Microsoft typically takes three shipping cycles to get it right, when I say right, I mean “good enough” which in many ways is the ready, fire, aim approach. Apple at times seem to approach the equation from a ready, aim, fire model.
They don’t always get it right, but the amount of “luck” Apple have had with their product lines over the years, can lend itself to the concept that maybe they are siding with Form over Function every time. The company presents itself as being more about the industrial design of the solutions vs the good enough approach and it probably is why they often lead with a linear model of development + release.
Does UX + Agile work inside Apple? I don’t know, I can speculate that probably it doesn’t and that the engineering side of things makes way for UX – ie Function follows Form.
Back to the point, UX + Agile is sometimes hidden under the covers of evolution, whereby the said persons can run parallel or ahead of the said development teams and are able to react according to the growth of the said feature(s). However, when the time comes for a UX refactor, does it not get pushed aside into the next major release cycle with an open promise to get it right then.
If that does occur, then is that cycle dedicated to UX refactor in its purist sense? or is it just the same rinse/repeat formula whereby you have an iterative situation unfolding.
So, UX + Agile isn’t the answer?
I think the concept of Agile is fine, its the execution of it that I think is where the story kind of starts to fall a little to the way side, I think from a UX standpoint you really need to outline the features ahead but do so in a way that is suited to a ready, aim, fire model. It also needs to lend itself to a dedicated chunk of time purely to refactor the function of a solution to accommodate the consistency and goals of form. Having said that, that “Form” needs to be defined early and it needs to be framed in a way that everyone involved can subscribe to easily enough (heh, the joke is on the UX itself, as in order to sell everyone on the UX vision, they in turn need to ensure its palatable enough for them to recall, thus UX sells UX ..funny)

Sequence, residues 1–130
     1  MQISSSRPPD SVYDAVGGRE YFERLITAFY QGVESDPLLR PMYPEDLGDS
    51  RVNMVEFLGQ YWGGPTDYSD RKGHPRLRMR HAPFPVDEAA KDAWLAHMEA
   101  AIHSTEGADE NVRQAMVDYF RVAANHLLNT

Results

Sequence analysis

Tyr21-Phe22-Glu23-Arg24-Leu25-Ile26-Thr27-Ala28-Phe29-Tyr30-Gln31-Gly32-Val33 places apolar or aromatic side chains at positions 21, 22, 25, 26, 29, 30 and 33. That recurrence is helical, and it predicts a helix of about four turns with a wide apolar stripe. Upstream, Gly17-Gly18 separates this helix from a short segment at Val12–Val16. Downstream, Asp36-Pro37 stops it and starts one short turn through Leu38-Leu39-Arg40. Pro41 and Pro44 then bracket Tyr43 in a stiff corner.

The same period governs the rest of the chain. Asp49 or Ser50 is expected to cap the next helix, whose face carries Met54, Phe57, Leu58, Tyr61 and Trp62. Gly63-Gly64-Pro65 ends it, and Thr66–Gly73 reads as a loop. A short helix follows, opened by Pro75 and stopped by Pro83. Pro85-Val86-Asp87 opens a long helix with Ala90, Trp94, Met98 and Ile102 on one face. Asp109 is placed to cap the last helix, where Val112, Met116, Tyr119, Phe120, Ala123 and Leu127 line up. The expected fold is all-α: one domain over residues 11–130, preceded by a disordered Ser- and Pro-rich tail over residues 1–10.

I’ve not decided as yet that UX + Agile is a formula that works, I can’t decide that just yet as I feel we in the software industry are back to pioneering mode. We settled on a rinse/repeat formula for so long that it started to breed mediocrity in the way software is designed, developed and deployed. Given the device market has created an interesting interruption in the way we approach mundane tasks, it in itself has elevated the B2C or B2B markets in a way that forces the ideation phase of software to take more risks.
The problem isn’t with the ideation being unwieldy or requiring strict time boxing, it’s simply we may have all forgotten to add the UX tax to the software builds – meaning, costs just increased.
Cost increases aren’t swallowed well, so the reality is what is likely occurring in UX + Agile teams is that there is more of a UI Designer validating and placating the said engineering side with “Good job, keep using DataGrids” mentality vs.. a UX Designer asking that folks think differently and outside the box.
On paper, agile is fine. In practice, well, grab your UX six shooter and lets ride off into the west and see what we find out next.